Cardio-Oncology



Cardio-Oncology


Courtney M. Campbell

Ajay Vallakati

Daniel Addison

Ragavendra R. Baliga



INTRODUCTION

Cardio-oncology is an emerging discipline that encompasses the cardiovascular care of the oncology patient.1,2,3,4,5 The discipline also includes cardiac amyloidosis, addressed in Chapter 30. Cardio-oncology patients can present in a variety of settings including (1) prior to initiation of cancer therapy for cardiovascular optimization, (2) acutely with complications directly related to ongoing or recent cancer therapy initiation, (3) prior to intervention or surgery for risk assessment, and (4) during survivorship, years to decades later with complications related to prior oncology therapy. If oncology patients do not already follow with cardiology, ideally they would present to cardiology at the time of initial cancer diagnosis. Patients could then be followed closely by cardiology throughout and after oncology treatment (Algorithm 26.1). This chapter’s focus is on management of a patient throughout cardiotoxic oncology therapy.


PREVENTATIVE CARDIO-ONCOLOGY

Regardless of oncology treatment modality, primary prevention is paramount. The current approach for cardiotoxicity risk assessment and optimization uses the ABCDE model (Algorithm 26.2) that encompasses Awareness, Aspirin (acetylsalicylic acid, ASA), Blood pressure, Cholesterol, Cigarettes, Diet, Diabetes, and Exercise.6,7 Prior to initiation of oncology therapy, patients should be aware of cardiovascular disease signs and symptoms to allow for prompt recognition of potential cardiovascular complications. Aspirin should be initiated in select patients, if indicated for preexisting cardiovascular disease. Blood pressure should be controlled. Patients should cease all tobacco use. Cholesterol lowering statins should be initiated if indicated. Diabetes mellitus control should be optimized and aggressively treated, if it occurs as a consequence of oncology therapy. Patients should maintain good diet and weight management. Exercise is encouraged throughout oncology treatment.8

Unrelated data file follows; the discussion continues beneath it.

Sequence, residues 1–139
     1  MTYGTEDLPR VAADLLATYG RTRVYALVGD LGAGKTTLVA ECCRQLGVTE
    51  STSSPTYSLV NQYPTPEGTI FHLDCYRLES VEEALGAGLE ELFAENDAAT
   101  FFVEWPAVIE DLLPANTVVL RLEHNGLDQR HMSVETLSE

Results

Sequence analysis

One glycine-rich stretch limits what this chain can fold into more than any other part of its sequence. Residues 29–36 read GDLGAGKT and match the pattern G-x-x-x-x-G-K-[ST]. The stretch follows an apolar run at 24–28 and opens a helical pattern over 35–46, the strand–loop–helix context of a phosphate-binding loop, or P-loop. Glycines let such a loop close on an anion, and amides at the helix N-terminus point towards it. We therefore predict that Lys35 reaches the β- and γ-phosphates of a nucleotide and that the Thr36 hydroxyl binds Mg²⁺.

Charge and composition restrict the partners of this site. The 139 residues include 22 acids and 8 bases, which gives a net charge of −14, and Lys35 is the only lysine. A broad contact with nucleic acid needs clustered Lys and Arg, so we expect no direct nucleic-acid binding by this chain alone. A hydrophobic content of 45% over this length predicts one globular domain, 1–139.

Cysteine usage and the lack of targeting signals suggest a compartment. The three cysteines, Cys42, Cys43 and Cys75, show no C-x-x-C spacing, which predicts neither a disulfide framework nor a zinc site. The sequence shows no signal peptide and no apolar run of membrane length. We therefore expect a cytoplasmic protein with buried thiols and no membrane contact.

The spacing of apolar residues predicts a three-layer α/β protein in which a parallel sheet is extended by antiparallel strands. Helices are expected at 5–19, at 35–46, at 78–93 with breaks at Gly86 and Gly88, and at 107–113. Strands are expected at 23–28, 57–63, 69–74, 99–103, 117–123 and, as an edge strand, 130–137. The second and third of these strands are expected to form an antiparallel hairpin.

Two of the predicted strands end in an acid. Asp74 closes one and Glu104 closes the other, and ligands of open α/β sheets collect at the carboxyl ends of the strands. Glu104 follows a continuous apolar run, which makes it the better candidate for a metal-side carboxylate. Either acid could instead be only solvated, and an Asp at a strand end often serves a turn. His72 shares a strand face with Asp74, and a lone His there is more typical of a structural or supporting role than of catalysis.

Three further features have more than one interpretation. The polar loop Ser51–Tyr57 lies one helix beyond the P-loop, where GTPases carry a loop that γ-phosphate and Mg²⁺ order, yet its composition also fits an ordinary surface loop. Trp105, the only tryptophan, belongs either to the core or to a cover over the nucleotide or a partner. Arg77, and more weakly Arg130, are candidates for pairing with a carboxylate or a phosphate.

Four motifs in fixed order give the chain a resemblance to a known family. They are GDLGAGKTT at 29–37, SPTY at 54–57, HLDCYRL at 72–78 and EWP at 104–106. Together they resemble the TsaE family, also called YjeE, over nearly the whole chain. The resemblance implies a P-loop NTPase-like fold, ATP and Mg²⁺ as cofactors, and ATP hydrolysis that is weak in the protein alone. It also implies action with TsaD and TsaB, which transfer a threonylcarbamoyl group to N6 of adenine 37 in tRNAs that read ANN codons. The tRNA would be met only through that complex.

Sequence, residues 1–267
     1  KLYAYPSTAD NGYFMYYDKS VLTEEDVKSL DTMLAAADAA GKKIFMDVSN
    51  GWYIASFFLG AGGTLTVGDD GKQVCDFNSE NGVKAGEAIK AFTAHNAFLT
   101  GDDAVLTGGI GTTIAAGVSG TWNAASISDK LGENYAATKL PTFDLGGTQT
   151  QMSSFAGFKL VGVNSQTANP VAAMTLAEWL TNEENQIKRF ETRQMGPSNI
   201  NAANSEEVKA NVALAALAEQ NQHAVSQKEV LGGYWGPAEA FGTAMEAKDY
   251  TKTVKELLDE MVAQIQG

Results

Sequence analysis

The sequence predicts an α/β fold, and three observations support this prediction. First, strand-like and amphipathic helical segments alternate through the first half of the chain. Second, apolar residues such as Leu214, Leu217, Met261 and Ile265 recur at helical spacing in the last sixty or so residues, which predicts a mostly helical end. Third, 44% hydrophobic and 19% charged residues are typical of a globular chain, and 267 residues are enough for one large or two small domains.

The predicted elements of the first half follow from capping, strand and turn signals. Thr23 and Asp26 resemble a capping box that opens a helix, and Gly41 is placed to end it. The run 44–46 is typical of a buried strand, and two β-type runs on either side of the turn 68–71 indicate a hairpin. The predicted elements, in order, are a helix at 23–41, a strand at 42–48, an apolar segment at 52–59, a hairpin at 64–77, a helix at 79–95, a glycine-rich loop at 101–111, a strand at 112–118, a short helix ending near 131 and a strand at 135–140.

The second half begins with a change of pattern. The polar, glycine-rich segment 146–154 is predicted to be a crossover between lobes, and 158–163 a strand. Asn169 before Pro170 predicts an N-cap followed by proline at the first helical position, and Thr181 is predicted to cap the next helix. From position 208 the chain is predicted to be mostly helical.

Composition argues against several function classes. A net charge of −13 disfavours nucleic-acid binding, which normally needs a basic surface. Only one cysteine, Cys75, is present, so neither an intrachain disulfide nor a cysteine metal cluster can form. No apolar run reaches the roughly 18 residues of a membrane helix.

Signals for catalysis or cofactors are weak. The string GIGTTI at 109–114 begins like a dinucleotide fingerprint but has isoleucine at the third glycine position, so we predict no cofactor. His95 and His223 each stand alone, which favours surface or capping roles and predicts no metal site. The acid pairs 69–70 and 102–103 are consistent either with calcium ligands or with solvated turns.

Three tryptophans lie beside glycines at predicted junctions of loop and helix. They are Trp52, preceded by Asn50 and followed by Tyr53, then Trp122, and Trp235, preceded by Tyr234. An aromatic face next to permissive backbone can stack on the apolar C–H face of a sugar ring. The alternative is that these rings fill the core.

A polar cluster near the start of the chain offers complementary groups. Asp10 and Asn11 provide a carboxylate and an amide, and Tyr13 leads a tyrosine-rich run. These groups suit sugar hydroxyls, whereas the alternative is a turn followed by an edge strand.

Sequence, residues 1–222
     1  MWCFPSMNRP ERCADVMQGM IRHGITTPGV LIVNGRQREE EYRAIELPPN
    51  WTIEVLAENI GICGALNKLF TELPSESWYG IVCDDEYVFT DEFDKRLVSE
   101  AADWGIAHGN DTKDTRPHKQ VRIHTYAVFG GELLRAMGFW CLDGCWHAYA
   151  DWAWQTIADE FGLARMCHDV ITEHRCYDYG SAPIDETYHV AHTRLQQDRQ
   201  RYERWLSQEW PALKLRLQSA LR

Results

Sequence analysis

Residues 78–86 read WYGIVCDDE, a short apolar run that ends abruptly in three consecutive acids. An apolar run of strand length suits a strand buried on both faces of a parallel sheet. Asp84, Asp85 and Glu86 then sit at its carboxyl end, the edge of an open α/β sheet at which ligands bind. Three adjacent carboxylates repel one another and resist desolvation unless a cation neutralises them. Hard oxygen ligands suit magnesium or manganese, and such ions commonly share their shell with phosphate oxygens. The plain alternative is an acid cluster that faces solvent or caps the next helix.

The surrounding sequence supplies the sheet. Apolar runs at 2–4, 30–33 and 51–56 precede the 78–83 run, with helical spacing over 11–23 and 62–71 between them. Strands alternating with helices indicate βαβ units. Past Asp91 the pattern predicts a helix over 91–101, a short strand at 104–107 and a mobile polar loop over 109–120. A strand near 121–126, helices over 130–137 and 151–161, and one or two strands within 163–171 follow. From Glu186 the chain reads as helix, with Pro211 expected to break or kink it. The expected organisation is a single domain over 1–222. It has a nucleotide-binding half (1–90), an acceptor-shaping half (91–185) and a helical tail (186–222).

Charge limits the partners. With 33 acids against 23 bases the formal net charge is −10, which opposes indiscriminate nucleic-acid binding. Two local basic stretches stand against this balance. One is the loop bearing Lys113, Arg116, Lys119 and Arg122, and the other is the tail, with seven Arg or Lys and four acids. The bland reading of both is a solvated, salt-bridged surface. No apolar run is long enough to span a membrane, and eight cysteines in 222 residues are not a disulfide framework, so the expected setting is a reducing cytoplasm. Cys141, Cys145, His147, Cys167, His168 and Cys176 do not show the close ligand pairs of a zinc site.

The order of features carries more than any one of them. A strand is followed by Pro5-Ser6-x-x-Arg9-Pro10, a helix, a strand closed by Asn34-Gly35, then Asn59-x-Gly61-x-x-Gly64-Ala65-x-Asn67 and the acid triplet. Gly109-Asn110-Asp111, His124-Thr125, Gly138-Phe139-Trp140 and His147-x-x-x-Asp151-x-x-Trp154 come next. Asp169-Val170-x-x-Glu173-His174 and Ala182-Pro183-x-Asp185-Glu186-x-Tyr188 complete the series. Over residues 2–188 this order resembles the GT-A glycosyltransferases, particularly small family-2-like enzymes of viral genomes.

In addition to improving cardiovascular risk factor management and initiation of guideline-directed medical therapy (GDMT), baseline cardiovascular testing often should be obtained prior to initiation of oncology therapy. This testing can include electrocardiogram (ECG), echocardiogram, biomarkers of troponin (Tn) and brain natriuretic peptide (BNP), and ankle-brachial index (ABI) measurement. If any specific cardioprotective therapies are indicated, these medications should be initiated at this time.


CARDIOTOXICITIES OF CANCER THERAPIES

Many oncologic therapies can cause acute and chronic cardiovascular events including left ventricular (LV) dysfunction leading to heart failure, diastolic dysfunction, fibrosis, cardiac conduction abnormalities and arrhythmias, vascular dysfunction, thrombosis, and metabolic changes. The most common classes of oncology therapy with cardiovascular toxicities as summarized in Table 26.1 will be discussed in this section.








Anthracyclines